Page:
Center for American Progress

The Right Choices to Cut Poverty and Restore Shared Prosperity
Article

The Right Choices to Cut Poverty and Restore Shared Prosperity

Half in Ten analyzes the nation's progress toward cutting poverty in half in 10 years, tracking progress along several indicators of success.

Cutting the federal deficit doesn’t have to happen at the expense of our country’s most vulnerable citizens. In fact, bringing more families into the middle class is essential to cutting the deficit in the long term and returning America to a sustainable and prosperous future. (AP/Paul Sakuma)
Cutting the federal deficit doesn’t have to happen at the expense of our country’s most vulnerable citizens. In fact, bringing more families into the middle class is essential to cutting the deficit in the long term and returning America to a sustainable and prosperous future. (AP/Paul Sakuma)

See also: Video: Making the Right Choices for Shared Prosperity by Lauren Santa Cruz and Katie Wright (CAP Action)

Read the full report (CAP Action)

In 2011 the official poverty rate in the United States was 15 percent, statistically unchanged from 2010. This means that 46.2 million people—or nearly one in six Americans—lived below the official poverty line of $23,018 a year for a family of four.

Make no mistake—this lack of progress is not an accident. Widening income inequality over the past 40 years, the proliferation of low-wage work with poverty-level wages, and conservative obstructionism on creating jobs are stalling progress on advancing our goal of cutting poverty in half in 10 years.

None of these trends is inevitable. We have the tools to make significant gains in reducing U.S. poverty—a goal that, if achieved, would bring millions of Americans into the middle class, grow our economy, and enhance our economic competitiveness. We have the resources to accomplish this goal even as we tackle our long-term deficits. Whether or not we achieve our target is a matter of political and public will and the choices we make.

The policy decisions ahead of us over the next year represent fundamentally different visions of what makes a strong and prosperous America. As our leaders determine how to move forward, austerity policies that continue to weigh on low-income families will severely harm our economy in the long run, shortchanging our future workforce and reducing our economic competitiveness. Cutting the federal deficit doesn’t have to happen at the expense of our country’s most vulnerable citizens. In fact, bringing more families into the middle class is essential to cutting the deficit in the long term and returning America to a sustainable and prosperous future.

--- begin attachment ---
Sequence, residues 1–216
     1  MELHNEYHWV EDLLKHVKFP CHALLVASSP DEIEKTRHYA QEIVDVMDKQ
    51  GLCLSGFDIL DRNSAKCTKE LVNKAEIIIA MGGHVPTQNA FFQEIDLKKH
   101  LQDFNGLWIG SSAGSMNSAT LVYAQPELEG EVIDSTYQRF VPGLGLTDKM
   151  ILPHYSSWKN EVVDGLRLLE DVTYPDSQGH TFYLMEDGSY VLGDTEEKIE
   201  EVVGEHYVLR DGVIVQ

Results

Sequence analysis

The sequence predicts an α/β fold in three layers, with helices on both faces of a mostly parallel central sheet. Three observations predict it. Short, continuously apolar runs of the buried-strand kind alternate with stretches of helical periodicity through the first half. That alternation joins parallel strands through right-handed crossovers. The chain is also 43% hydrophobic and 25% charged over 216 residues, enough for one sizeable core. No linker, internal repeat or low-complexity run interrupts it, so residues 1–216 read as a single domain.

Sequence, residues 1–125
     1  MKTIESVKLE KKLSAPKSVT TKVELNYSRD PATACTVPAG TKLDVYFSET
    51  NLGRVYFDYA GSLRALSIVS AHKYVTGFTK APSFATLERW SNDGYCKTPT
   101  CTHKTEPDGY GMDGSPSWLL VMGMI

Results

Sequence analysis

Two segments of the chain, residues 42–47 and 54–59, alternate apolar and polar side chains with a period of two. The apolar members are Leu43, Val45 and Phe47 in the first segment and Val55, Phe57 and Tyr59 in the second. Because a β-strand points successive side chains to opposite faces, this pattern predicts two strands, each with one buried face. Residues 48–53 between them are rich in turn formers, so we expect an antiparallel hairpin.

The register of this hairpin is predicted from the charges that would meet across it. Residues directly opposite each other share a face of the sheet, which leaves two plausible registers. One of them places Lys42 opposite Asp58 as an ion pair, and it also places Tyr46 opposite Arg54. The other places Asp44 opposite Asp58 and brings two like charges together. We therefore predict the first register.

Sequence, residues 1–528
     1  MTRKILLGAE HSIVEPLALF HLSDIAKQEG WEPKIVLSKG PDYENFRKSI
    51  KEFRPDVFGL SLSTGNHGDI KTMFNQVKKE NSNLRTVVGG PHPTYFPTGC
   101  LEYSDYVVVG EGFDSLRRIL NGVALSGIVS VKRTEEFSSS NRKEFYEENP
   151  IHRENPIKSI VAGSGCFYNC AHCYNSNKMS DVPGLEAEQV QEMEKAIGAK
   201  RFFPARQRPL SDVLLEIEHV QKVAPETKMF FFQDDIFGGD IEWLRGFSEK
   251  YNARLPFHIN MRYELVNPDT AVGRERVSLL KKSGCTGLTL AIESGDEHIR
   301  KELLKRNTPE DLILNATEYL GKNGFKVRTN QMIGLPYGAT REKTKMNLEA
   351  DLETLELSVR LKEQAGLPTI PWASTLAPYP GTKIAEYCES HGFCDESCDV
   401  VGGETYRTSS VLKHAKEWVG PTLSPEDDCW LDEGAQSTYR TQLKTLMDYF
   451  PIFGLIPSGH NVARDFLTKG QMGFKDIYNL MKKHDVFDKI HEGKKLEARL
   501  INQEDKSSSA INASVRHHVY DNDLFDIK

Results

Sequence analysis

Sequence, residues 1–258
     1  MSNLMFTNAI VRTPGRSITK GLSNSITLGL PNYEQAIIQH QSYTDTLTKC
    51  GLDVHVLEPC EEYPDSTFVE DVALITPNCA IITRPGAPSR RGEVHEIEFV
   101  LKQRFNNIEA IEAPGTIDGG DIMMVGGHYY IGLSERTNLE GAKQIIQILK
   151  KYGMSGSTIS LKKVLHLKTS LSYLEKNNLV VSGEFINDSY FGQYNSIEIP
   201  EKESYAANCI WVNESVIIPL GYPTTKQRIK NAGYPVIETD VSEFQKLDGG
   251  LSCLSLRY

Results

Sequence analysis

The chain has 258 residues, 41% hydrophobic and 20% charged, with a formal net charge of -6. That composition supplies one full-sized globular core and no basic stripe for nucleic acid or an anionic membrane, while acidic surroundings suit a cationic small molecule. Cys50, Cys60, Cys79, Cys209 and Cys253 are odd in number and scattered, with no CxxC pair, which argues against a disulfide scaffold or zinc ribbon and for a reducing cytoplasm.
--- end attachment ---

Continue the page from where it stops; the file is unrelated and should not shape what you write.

Half in Ten believes an alternative vision is possible—a path that prioritizes the creation of good jobs, supports strategies to strengthen families and communities, and provides greater economic security and opportunity by investing in education and workforce training, nutrition assistance, health care, affordable housing, and asset building for vulnerable families. These investments are possible in the context of long-term deficit reduction if we ask everyone to pay their fair share, curb system-wide long-term health care costs, and make strategic cuts in our defense spending that do not jeopardize our national security.

By bringing people off of the economic margins and investing in their participation in shared economic prosperity, this plan will stabilize our long-term fiscal outlook, creating more taxpayers and greater economic growth.

Read the full report (CAP Action)

The positions of American Progress, and our policy experts, are independent, and the findings and conclusions presented are those of American Progress alone. A full list of supporters is available here. American Progress would like to acknowledge the many generous supporters who make our work possible.

Authors

Melissa Boteach

Senior Vice President, Poverty to Prosperity Program

Shawn Fremstad

Senior Fellow

Joy Moses

Senior Policy Analyst

Erik Stegman

Director of Field Outreach and Advocacy, Poverty to Prosperity Program

Katie Wright

Policy Analyst

You Might Also Like